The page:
Judicial Activism

When Republicans utter this term as an epithet against Judge Sotomayor, maybe they really mean “activism against our own preferences.” Consider the percentage of votes to strike down congressional legislation by 1991-2005 SCOTUS justices: Justice Thomas 65, Justice Kennedy 64, Justice Scalia 56, Justice Rehnquist 47, Justice O’Connor 47, Justice Souter 42, Justice Stevens 39, Justice Ginsburg 39, Justice Breyer 28.

About catholicsensibility

Todd lives in Minnesota, serving a Catholic parish as a lay minister.
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8 Responses to Judicial Activism

  1. Liam says:

    Here’s another dirty little secret: important parts of the “judicial activism” of “liberal” justices in recent generations were not quite as utterly untethered to the Constitutional text as they have been accused of. Rather, they were work-arounds about dubious activist precedents that had read meaning out of Constitutional texts – for example, the Slaughter-House Cases (1873), which pretty much drained the Privileges and Immunities Clause(s) of meaning – a lot of what the P&I Clause(s) could have been understood to have permitted or even required textually has simply been moved under the aegius of other clauses to avoid a messy undoing of those cases and their progeny. That’s how judicial sausages get made.

    Actually, for all the talk about Roe/Casey and other hot-button precedents of the post-Brown era, it would be much more illuminating if someone bothered to ask SCOTUS nominees about hoary precedents like the Slaughter-House Cases – cases that the public and politicians don’t focus on but over which constitutional scholars have spilled much ink.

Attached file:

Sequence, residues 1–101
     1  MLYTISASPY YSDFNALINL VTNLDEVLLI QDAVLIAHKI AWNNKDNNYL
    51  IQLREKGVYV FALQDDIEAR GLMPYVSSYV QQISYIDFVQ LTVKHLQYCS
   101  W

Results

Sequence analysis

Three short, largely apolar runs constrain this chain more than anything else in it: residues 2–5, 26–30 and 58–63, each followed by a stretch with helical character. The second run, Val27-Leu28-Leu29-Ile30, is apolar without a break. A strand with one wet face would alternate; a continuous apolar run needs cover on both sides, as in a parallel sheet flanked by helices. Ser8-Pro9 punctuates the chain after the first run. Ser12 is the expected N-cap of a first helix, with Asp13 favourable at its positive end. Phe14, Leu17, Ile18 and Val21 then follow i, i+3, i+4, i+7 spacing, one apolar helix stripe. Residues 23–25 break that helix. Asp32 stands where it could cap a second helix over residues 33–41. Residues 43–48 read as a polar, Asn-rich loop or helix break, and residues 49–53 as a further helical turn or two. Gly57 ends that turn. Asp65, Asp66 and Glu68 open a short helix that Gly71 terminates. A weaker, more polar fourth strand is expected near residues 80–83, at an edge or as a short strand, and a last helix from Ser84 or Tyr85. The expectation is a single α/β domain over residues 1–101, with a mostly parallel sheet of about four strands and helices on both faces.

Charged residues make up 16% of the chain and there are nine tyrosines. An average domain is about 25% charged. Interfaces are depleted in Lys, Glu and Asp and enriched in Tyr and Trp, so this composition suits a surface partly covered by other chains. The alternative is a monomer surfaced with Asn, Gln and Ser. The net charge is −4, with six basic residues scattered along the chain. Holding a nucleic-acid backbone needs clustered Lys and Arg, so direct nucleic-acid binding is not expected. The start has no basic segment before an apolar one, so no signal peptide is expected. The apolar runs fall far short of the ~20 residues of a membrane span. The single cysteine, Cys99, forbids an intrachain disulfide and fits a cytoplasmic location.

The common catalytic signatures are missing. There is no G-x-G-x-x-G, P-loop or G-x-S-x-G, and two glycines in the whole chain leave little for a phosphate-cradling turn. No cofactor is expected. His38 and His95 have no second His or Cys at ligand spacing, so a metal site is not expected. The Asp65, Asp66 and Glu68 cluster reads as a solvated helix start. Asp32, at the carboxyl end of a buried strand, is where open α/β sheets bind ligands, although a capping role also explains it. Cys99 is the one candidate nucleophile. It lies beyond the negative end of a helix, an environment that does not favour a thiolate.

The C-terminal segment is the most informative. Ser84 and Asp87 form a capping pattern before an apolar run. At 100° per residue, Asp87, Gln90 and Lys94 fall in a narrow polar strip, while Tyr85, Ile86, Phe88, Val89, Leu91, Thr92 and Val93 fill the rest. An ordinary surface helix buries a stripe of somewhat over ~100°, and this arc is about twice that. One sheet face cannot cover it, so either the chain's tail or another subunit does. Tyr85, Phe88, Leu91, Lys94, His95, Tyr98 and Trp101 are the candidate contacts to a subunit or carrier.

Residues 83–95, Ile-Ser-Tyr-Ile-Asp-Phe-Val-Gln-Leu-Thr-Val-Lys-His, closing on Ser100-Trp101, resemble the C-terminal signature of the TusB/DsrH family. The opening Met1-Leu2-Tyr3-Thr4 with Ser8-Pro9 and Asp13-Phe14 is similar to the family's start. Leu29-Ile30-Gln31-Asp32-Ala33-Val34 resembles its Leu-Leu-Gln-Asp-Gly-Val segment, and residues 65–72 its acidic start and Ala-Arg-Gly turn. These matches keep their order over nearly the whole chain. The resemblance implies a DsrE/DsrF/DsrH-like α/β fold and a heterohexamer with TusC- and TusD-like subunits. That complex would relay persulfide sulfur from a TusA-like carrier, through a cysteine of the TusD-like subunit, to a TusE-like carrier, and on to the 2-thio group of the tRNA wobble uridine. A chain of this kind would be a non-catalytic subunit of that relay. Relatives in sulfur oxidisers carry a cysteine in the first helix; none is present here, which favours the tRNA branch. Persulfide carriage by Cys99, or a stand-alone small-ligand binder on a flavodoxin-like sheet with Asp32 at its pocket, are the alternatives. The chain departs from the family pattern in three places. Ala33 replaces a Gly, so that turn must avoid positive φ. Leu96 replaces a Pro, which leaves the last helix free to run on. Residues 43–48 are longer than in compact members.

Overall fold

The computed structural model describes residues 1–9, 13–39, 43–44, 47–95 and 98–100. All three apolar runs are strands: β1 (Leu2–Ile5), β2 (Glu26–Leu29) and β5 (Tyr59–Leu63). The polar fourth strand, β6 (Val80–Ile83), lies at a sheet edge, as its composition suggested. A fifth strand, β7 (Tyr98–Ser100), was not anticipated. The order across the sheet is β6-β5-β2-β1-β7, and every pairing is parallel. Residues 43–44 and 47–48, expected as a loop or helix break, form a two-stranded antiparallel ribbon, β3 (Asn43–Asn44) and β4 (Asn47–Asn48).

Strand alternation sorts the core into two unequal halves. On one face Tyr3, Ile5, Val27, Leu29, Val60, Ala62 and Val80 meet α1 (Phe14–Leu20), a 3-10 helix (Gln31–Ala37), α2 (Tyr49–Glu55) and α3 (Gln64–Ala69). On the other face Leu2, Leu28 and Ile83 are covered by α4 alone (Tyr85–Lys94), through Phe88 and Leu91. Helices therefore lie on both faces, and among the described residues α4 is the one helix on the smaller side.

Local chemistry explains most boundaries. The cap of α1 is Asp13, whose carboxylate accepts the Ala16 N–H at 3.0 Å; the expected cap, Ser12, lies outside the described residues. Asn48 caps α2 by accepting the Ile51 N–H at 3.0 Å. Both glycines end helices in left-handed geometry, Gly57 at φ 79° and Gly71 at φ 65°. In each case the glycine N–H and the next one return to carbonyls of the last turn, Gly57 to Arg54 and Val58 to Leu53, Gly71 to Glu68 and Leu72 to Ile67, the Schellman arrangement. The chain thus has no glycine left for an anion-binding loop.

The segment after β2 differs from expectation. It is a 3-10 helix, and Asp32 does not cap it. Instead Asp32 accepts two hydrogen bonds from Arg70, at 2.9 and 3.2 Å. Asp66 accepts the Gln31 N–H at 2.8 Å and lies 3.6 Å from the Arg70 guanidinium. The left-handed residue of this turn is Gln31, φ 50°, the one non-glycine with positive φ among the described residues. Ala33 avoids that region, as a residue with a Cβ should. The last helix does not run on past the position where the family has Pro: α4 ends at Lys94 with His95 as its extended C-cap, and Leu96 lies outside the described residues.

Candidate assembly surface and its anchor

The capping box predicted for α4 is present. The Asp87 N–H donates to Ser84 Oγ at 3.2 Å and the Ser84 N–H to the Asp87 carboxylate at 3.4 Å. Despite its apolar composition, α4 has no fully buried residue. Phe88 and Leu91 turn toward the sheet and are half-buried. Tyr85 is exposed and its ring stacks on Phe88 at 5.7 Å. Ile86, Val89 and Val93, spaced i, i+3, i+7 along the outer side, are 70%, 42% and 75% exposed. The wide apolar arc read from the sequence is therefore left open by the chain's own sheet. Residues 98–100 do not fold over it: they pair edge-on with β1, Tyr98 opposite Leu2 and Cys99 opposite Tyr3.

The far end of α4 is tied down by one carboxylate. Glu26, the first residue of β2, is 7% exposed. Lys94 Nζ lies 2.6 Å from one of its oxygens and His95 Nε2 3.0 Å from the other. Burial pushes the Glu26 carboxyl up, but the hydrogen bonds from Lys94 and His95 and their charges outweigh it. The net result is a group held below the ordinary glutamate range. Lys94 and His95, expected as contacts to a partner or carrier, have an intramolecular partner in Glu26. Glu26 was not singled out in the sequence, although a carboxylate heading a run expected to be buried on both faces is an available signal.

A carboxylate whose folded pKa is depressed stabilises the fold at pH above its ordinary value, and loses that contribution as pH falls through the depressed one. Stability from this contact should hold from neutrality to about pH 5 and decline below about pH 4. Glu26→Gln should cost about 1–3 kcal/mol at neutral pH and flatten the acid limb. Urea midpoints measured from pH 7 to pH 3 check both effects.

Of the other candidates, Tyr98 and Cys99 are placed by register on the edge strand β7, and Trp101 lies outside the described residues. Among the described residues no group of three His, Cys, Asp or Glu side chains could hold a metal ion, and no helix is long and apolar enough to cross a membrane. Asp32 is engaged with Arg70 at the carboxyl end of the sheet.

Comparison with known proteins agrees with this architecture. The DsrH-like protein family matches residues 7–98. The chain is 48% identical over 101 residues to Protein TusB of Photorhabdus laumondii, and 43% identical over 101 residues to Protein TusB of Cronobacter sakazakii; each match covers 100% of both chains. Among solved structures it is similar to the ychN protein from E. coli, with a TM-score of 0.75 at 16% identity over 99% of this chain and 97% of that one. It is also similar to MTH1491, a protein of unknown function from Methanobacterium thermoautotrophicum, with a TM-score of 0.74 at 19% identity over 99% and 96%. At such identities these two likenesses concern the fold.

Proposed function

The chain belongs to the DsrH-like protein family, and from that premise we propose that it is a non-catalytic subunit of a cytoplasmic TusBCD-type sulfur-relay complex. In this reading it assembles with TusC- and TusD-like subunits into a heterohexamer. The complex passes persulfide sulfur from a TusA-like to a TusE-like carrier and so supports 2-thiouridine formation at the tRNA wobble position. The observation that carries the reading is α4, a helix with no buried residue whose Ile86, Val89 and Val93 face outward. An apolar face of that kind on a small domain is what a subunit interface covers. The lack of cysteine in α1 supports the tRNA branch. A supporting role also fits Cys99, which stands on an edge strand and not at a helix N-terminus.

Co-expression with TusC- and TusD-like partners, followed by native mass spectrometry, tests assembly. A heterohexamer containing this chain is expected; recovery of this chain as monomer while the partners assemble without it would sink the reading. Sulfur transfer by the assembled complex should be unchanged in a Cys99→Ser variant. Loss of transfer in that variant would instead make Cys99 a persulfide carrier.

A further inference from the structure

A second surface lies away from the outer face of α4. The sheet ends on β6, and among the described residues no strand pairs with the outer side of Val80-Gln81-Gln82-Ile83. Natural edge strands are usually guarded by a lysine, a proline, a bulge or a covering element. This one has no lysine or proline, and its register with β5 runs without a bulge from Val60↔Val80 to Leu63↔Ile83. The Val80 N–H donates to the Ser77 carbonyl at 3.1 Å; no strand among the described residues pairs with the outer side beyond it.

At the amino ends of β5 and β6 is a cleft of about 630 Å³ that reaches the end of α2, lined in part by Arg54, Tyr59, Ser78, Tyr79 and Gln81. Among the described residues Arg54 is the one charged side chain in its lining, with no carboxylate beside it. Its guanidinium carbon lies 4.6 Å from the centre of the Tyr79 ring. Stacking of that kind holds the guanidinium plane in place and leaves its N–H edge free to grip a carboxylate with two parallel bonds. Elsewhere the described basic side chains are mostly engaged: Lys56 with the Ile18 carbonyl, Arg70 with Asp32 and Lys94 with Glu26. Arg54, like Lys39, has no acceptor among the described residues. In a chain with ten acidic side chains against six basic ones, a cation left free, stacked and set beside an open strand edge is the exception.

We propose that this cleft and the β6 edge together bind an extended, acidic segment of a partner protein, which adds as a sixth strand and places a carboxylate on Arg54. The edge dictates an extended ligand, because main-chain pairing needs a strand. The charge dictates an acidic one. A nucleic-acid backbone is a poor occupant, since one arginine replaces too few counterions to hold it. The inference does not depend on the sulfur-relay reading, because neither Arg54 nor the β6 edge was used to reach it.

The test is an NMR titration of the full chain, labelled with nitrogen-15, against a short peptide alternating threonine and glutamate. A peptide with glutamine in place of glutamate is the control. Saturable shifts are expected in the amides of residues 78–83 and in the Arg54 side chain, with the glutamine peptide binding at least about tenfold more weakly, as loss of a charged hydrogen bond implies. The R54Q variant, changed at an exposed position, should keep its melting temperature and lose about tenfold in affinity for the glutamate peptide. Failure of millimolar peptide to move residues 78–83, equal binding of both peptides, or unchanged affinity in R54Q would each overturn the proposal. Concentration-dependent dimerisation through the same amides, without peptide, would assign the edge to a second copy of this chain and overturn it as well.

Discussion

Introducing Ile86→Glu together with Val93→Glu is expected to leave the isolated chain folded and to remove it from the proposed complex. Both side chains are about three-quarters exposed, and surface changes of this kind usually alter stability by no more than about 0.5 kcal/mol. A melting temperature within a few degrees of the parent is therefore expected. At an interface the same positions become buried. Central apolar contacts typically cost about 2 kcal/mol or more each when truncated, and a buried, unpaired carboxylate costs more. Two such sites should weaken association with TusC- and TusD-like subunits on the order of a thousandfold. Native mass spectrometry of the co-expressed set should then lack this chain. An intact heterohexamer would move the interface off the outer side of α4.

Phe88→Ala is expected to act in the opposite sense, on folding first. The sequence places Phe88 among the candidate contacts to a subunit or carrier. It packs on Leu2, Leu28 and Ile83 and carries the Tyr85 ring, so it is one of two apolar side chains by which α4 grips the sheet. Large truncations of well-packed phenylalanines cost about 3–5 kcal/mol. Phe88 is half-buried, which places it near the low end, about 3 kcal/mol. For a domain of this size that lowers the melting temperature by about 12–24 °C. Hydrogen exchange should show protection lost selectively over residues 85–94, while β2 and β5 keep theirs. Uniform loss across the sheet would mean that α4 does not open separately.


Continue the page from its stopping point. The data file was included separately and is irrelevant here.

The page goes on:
2. Liam says:

    Also, the Civil Rights Cases (1883), an even bigger example.

  3. Micha Elyi says:

    I deny your premise that “judicial activism” means “striking down an act of Congress.”

    Tell me again which acts of Congress were struck down by Ginsburg, Roe, and Webster.

  4. Todd says:

    Micha, if you’re going to quote me, do it accurately. I didn’t say “act of Congress,” I said “congressional legislation.” Roe dealt with state legislation, I believe, and it was ruled by a majority Republican court.

  5. Tony says:


    I don’t believe you understand what “judicial activism” means. It does not mean the striking down of legislation as unconstitutional, it means creating new law, whole cloth that does not exist in the Constitution.

    Judicial activism, is kind of like the “spirit” of Vatican II.

  6. Todd says:

    Tony, legislatures make laws, Courts don’t write them. Can you give an example of the federal courts creating new law?

  7. Tony says:

    Sure. Roe v. Wade made abortion legal in all 50 states through all nine months of pregnancy. Some nebulous right to “privacy” allowed women to kill their children in the womb which does not exist in the Constitution.

    This is just one. Would you like some more?

  8. Todd says:

    Tony, you are mistaken.

    Roe v Wade nullified laws in existing states. It did not create or write new law. It followed the wording of the 14th amendment regarding “persons born.” Children in the womb are not born, hence they have no rights according to the constitution. Also, the justices who ruled on Roe were mostly Republicans, not Democrats.

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